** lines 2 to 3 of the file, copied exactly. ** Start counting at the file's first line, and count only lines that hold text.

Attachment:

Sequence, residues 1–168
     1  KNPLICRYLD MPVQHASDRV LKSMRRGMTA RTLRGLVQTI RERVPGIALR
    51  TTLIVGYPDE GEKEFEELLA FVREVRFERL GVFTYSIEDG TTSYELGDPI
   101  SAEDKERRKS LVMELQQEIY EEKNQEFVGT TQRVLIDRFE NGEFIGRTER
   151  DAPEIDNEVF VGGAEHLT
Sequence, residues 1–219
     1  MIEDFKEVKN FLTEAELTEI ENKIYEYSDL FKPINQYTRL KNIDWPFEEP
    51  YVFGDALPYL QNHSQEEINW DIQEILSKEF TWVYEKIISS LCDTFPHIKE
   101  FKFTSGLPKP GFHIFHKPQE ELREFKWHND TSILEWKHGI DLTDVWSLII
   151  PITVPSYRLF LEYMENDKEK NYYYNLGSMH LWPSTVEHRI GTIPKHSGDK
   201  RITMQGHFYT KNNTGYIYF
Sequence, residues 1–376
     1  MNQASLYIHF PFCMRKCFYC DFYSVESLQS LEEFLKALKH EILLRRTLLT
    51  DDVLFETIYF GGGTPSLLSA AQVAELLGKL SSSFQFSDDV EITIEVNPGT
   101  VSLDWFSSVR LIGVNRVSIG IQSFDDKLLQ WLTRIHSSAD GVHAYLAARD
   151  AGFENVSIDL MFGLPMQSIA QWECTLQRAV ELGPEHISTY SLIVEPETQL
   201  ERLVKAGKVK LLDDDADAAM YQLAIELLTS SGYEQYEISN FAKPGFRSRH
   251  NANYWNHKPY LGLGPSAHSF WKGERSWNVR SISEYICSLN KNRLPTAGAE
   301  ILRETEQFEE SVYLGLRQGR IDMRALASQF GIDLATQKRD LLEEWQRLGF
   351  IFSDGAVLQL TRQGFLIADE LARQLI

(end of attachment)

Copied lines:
     1  KNPLICRYLD MPVQHASDRV LKSMRRGMTA RTLRGLVQTI RERVPGIALR
    51  TTLIVGYPDE GEKEFEELLA FVREVRFERL GVFTYSIEDG TTSYELGDPI